India Is A Prize For Spotify, But This Week Shows It Won’t Be Easily Won

Over the last week Spotify has been in the news again regarding its contentious entry into the Indian market as publisher Warner/Chappell Music (WCM) tried its best to block the launch. This has turned what would have been almost a back-burner story into front page business news, but many don’t understand the significance for all involved.

Why India Matters

To begin with, India is a top strategic market for Spotify that it must conquer. The company needs growth in order to appease shareholders, and while that’s still happening in the U.S. and Europe, it’s slowed somewhat from the early days. Since China seems to be off the table thanks to governmental issues and embedded competition from Tencent, the next place to look for a large untapped population is India.

While there’s already competition in the area from Anghami (although that’s aimed more at the Arab world), the real problem is the fact that the average per capita income is only $553 a month. Spotify is launching with a monthly fee that dips as low as $1.67 per month, which seems incredibly low yet may actually still be too high for the market. Apples to apples, this is really 9.3 times more expensive than the $9.99 a month US fee, and Spotify would need to lower the price to $0.19 to match the affordability found in the U.S. and other markets.

What’s especially relevant here is that Spotify offers this market a pay-as-you go streaming model where users can pay for a single day’s access to its ad-free Premium tier. The price is only $0.18 per day and can be paid via the local mobile payment service Paytm. Could this be a precedent for a similar tier in other countries?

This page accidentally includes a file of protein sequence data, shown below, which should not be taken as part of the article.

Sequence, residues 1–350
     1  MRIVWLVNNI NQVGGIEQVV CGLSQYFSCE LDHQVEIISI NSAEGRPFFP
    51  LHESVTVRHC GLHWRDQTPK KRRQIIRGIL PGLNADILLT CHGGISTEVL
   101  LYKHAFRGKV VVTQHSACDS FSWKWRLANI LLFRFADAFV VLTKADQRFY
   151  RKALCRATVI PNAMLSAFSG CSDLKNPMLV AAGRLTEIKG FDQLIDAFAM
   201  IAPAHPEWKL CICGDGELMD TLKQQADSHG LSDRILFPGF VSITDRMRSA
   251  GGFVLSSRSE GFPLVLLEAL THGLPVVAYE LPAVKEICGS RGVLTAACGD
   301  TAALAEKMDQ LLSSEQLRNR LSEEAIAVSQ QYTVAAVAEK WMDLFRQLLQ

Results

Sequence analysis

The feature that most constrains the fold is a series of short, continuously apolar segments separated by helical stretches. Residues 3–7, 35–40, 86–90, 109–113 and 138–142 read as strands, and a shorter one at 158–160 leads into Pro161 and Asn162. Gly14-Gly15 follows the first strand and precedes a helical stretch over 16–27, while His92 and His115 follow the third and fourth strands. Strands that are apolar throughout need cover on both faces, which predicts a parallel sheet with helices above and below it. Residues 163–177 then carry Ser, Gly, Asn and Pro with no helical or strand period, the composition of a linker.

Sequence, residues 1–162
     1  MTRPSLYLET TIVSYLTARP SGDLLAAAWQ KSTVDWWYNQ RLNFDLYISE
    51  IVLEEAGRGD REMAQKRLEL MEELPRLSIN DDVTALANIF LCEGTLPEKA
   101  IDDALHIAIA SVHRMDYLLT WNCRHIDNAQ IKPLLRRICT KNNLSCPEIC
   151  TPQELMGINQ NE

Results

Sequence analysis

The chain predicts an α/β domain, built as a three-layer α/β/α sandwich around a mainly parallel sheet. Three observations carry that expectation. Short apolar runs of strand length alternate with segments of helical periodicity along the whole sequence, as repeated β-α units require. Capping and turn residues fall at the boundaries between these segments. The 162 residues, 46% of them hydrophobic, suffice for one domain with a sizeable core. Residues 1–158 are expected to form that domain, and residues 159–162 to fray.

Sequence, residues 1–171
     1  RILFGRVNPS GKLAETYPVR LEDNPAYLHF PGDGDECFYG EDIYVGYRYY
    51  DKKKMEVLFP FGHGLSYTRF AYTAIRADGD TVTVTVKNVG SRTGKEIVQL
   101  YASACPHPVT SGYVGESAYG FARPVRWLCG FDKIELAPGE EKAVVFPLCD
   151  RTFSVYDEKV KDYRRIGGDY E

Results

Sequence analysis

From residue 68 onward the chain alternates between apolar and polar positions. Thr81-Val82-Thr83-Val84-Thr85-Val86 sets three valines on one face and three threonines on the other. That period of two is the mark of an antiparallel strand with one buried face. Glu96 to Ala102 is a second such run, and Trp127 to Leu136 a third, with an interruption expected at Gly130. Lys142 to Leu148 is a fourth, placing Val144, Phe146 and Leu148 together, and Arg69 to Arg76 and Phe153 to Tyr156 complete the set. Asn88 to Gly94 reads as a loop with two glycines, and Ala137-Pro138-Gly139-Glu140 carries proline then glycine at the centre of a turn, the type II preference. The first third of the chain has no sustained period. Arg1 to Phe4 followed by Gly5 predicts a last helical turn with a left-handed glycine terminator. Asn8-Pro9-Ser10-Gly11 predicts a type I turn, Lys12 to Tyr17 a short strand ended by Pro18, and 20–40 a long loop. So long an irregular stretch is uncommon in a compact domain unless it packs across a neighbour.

It’s The Music Stupid

While many in the industry in the Western world wonder how rights holders will ever make money from such a low subscription fee, the fact of the matter is that the library on Spotify may not match local tastes anyway.

In the past, a huge U.S. hit would resonate worldwide, and you could hear it walking down the street of most major cities of the world. That’s no longer the case as local music everywhere has finally caught up to what the West has to offer, and this is especially true in India, where Bollywood and devotional music reign. As a result, Spotify’s high price coupled with a large yet possibly unappealing catalog may not result in the subscription numbers that the company hoped for.

But You Still Need A License

Which brings us to the Warner/Chappell spat. The gist of this rather complicated argument is that Spotify claims that WCM reneged on a previously agreed upon licensing agreement for the country. Spotify went ahead and launched anyway, and WCM filed for an emergency injunction in the Bombay High Court.

What happened next seems to be open for interpretation, as Spotify claims the court struck down the injunction, with WCM claiming it was upheld. There seems to be a gray area somewhere in between but it looks like this squabble will be going on for some time.

The upshot is that the last thing Spotify needs is an acrimonious relationship with a vendor that’s part of its lifeblood. Likewise, there may be distributors other than Spotify for WCM parent Warner Music to deal with, but the company is still the largest streaming entity and responsible for a good deal of its revenue. You can just imagine what the next round of license negotiations will be like.

The bottom line is that Spotify has already forecast that it will add between 21 and 31 million paying subscribers in 2019, and it’s counting on India to deliver a good part of those. The company may be finding already that this prediction may not be as easy to accomplish as was previously thought.

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